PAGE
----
I am not a regular blogger (does the noun exist ? It sounds slightly inappropriate) but I have succumbed to an invitation to share some hasty and ill-considered thoughts with a wider readership than myself. And, as is often the case, the subject is microfinance; I know quite a lot about it, if knowing means writing books about it, criticising it, directing and rating it, but like just about everyone who reads this note, I have never actually used it. There must be few other services whose suppliers and commentators actually know so little about it, because they have never had to use it.

That in itself says something about microfinance, it is very much a ‘we’ and ‘they’ business, but the question I have been asked to discuss is whether it is really a business at all. Do people start and run and finance microfinance institutions, to do good, to help the poor, or to do well, to make money? And, regardless of what they actually do, what ought they do?

There is a worldwide trend for just about every activity to be treated as a business, whose over-riding objective is to make a profit for its shareholders and to maximise the earnings of its senior management (and, in the case of sport, its players). Prisoners don’t pay to be in jail, but their jailers are now as likely to be employed by large for-profit international companies as they are by government departments. Sick people don’t pay to be cured, at least in more civilised nations, but clinics, hospitals and so on, and the institutions which manufacture and market the medicines they use, are most certainly for-profit businesses.

So, why should not financial inclusion, or microcredit (that is, microdebt), or financial services for the poor, or ‘lower income market segments’ as they are more likely to be known by the companies which set out to serve them, also be provided by companies which have been set up and are run to make money ? Health service and incarceration providers are paid by governments and are subject to strictly enforced rules as to the standards they are to maintain; there is now a wide range of social performance indicators for microfinance, so perhaps there is no reason for this welfare service to be treated any differently.

But, is microfinance a welfare or a social or public service, like health care or prisons, which can be provided by a for-profit provider but needs to be supported by the state or by donors, because its clients cannot afford to pay full cost, and which needs therefore to be carefully monitored to ensure that it achieves its social objectives ? Or, is it like Wal-Mart, which serves millions of low income people by providing low cost clothing and other necessities, and which also directly and indirectly employs many millions more at wages which they at any rate are willing to accept for want of anything better, but which would be most unlikely to attract government or donor support?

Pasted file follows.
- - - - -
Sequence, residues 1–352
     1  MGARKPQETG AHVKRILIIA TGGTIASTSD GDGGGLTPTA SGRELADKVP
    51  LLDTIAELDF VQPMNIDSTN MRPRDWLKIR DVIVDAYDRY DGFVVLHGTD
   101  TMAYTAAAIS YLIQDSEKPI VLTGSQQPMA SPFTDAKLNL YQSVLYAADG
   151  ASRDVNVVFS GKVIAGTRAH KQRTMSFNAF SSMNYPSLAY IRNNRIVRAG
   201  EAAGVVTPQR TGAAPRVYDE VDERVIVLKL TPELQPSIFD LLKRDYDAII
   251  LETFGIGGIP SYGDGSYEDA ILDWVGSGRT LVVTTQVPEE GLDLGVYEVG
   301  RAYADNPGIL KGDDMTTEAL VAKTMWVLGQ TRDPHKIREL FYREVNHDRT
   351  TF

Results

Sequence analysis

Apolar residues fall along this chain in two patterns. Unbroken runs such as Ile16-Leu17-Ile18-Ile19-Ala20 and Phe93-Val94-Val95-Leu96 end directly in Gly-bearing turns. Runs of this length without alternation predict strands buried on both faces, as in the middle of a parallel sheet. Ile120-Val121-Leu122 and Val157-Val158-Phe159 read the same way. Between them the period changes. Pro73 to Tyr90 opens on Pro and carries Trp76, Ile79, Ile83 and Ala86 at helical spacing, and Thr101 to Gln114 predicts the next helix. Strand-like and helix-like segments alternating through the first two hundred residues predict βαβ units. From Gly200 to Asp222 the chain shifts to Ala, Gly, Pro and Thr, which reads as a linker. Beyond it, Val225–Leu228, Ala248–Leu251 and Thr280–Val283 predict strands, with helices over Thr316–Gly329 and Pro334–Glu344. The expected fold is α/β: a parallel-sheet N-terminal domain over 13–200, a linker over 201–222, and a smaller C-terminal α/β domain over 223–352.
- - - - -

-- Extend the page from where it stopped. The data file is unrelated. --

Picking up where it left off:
Or is microfinance a rare example of what so many donors are anxious to achieve; a profitable and socially beneficial business which had initially to be subsidised but has now ‘grown up’ and can stand on its own and attract and pay for the staff and finance it needs in order to serve the millions who need it? Is it, to use somewhat unlikely examples, like a soup kitchen or night shelter which had initially to be subsidised but has now grown to a level where its needy clients can afford to pay for it at a rate which enables it to cover all its costs?

There is little doubt that microfinance has generally become a for-profit business, regardless of what its pioneers originally intended, and its recent and likely future growth is almost certain to come mainly from the larger for profit institutions. Impact evaluation of microfinance has itself become a significant and quite profitable industry, and there does not seem to be any definitive evidence that for profit MFIs do any less good, or more harm, that their charitable or government sponsored competitors.

The trend, as in all things, is towards a for-profit approach. There are some notable exceptions, including just about all the MFIs in Bangladesh, which is in a sense the home of microfinance, and the relatively small number of cooperative and community owned institutions which have survived governments’ and NGOs’ efforts to perpetuate their dependency, but microfinance has on the whole been ‘Wal-Martised’, whether we like it or not.

Many of us do not like it, but perhaps we should look at it in the context of the global trend towards commercialisation, which is not altogether a bad thing. We must also recognise that the growth and success of microfinance as it exists today is a function of the perpetuation of poverty, which is a global tragedy. If there were no poor people, there would be no need for microfinance. Its impact, for good and for ill, has been grossly exaggerated, but we should all see it for what it is, a temporary and regrettable expedient, and should look forward to day when microfinance should itself shrink and effectively disappear as we now know it.

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